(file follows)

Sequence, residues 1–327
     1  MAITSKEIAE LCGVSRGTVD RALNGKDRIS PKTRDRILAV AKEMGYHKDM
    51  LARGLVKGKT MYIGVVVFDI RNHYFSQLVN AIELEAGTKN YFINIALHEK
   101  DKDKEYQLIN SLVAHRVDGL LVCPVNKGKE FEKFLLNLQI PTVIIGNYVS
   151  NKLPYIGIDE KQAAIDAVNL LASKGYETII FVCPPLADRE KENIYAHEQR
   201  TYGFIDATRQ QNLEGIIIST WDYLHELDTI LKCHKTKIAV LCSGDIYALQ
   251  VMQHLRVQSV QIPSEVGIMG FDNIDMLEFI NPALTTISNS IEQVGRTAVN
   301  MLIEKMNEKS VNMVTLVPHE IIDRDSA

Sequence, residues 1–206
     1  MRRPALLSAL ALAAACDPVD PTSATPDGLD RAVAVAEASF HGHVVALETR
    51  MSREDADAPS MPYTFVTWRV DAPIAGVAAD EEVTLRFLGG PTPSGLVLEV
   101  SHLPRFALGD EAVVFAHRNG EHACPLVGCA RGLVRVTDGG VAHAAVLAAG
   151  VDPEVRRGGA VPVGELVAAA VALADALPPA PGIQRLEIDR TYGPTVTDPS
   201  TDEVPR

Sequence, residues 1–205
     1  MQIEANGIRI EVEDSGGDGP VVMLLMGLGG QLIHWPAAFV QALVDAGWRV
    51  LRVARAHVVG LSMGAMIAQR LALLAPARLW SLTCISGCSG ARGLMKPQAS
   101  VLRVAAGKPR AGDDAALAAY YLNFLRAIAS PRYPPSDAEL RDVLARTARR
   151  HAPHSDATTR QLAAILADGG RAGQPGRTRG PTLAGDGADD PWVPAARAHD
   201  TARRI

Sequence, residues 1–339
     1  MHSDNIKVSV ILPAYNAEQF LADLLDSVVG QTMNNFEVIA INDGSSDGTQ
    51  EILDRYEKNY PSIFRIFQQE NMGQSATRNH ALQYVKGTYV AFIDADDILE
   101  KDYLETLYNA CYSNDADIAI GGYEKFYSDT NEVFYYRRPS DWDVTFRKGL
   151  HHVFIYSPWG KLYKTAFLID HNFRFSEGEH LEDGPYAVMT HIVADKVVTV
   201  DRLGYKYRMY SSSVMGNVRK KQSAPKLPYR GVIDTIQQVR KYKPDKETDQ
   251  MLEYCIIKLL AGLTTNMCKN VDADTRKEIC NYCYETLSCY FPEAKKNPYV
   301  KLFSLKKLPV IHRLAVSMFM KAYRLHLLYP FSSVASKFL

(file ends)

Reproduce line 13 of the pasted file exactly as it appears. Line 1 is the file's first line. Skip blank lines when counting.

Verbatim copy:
   151  VDPEVRRGGA VPVGELVAAA VALADALPPA PGIQRLEIDR TYGPTVTDPS